Friday, April 22, 2011

Our drinking water: a toxic brew?

Most countries don’t systematically follow drug residues in drinking water and there are also no maximum residue thresholds. In the USA, at least one contaminant was detected in seventy-five percent of the groundwater wells tested; in virtually all the streams and stream sediments tested; in about 80% of the estuarine sediments tested; in about 80% of the freshwater fish tested and in nearly all of the salt-water fish tested (H. John Heinz III Center 2008). 

N.J. water contains traces of daily life
Drink a glass of water in New Jersey and you'll likely get more than you expect: prescription drugs, preservatives, caffeine, even a by-product of nicotine. Hundreds of these compounds, the residue of our chemical-intensive society, have been found in tap water around the state. Meanwhile, epilepsy drugs, deodorants, and other compounds have been discovered in minute amounts in 30 of New Jersey's brooks and rivers. From the Peckman River in West Paterson to the Wallkill in Sussex, researchers found traces of antibiotics, flame retardants, artificial colours, and fuel additives. Carbamazepine, a painkiller; AHTN, a fragrance in consumer products; and prometon, a herbicide, were most common. Two of the sites - the Passaic and Ramapo rivers - supply water to more than 1 million customers in North Jersey. The medicines and other chemicals were discovered in such tiny concentrations that many scientists think they pose no risk. Still, researchers admit that no one knows for sure. Many of the compounds have been studied in high doses, but not at low concentrations ingested over months, years, or a lifetime. Even less understood are the chemical cocktails now forming as they mix in the environment. "The question is, 'Is this something the body deals with at low levels, metabolizes, and there's no problem? Or is this something that accumulates in the body?' We just don't know," said Brian Buckley, the Rutgers chemist who led the four-year drinking water study. "To be honest, we are just starting to deal with the question." (North Jersey News 2003).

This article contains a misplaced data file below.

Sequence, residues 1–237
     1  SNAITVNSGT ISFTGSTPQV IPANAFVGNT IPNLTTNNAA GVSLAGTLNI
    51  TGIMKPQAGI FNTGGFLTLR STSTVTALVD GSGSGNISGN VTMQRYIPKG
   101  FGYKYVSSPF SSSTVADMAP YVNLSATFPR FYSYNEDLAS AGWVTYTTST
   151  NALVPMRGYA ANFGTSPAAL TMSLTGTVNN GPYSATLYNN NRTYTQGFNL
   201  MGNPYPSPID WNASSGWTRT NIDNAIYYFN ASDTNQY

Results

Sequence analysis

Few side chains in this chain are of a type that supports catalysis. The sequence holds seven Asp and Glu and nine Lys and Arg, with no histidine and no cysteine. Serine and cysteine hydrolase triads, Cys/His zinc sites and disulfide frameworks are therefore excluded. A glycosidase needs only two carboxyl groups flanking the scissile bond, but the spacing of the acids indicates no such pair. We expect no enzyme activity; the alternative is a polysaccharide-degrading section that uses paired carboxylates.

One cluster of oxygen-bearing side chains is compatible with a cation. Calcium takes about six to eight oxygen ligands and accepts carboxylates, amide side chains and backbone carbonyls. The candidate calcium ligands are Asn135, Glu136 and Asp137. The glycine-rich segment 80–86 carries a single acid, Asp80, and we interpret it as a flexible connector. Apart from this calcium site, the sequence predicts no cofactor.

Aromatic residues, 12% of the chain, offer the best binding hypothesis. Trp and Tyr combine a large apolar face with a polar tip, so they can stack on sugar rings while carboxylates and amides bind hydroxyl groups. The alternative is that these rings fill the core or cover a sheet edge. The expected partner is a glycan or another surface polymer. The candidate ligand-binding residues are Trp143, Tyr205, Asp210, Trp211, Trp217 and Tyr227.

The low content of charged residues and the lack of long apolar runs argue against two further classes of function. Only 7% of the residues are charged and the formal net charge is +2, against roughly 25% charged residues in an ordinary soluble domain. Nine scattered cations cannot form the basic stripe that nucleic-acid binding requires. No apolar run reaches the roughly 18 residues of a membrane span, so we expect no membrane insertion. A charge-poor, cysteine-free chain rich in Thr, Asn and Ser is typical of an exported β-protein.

Of 62 big waterworks in the USA, only 28 had tested their water for drug residues by the mid 2000s. New York, Houston, Chicago and Miami had never tested their water. Those that do test find a disturbing reality. In Philadelphia 56 different drugs were found in the drinking water and 63 in the water source. In San Francisco’s drinking water there are sexual hormones, in Washington 6 different drugs (USA Today 2008). Purification of water to get rid of the drugs might cost in the range of 200 dollar per inhabitant and year (UNT 2008).

Among the human medications found in water in the USA are antidepressants, medications for high blood pressure and diabetes, anticonvulsants, steroid medications, oral contraceptives, hormone replacement therapy medications, codeine, non-prescription pain relievers, chemotherapy drugs, heart medications, and antibiotics (President’s Cancer Panel 2010)

Our drinking water doesn't only contain prescription drugs, but pesticides as well. In most countries there is no systematic follow up of pesticides in nature and in no country there is monitoring of all active substances; what is found is still frightening enough. Eighty percent of all rivers in the USA contain pesticide residues. Sixty percent of all wells have residues. The proportion contaminated wells was almost as high in urbanized areas, due to use in home gardens, gravel or stone paths, golf courses etc. In France, pesticides are found in all rivers and half of all water sources had at least traces of them. Of the fifty substances that are checked in the Netherlands, two thirds were found in ground water (OECD 2001). 20 pesticides were found in groundwater used by 3.5 million people in the Santa Ana River watershed. On the great plains in the USA researchers detected two insecticides and 27 herbicides in reservoir water. Water treatment removed from 14 to 86% of individual herbicides. Drinking water contained 3–15 herbicides (average, 6.4).

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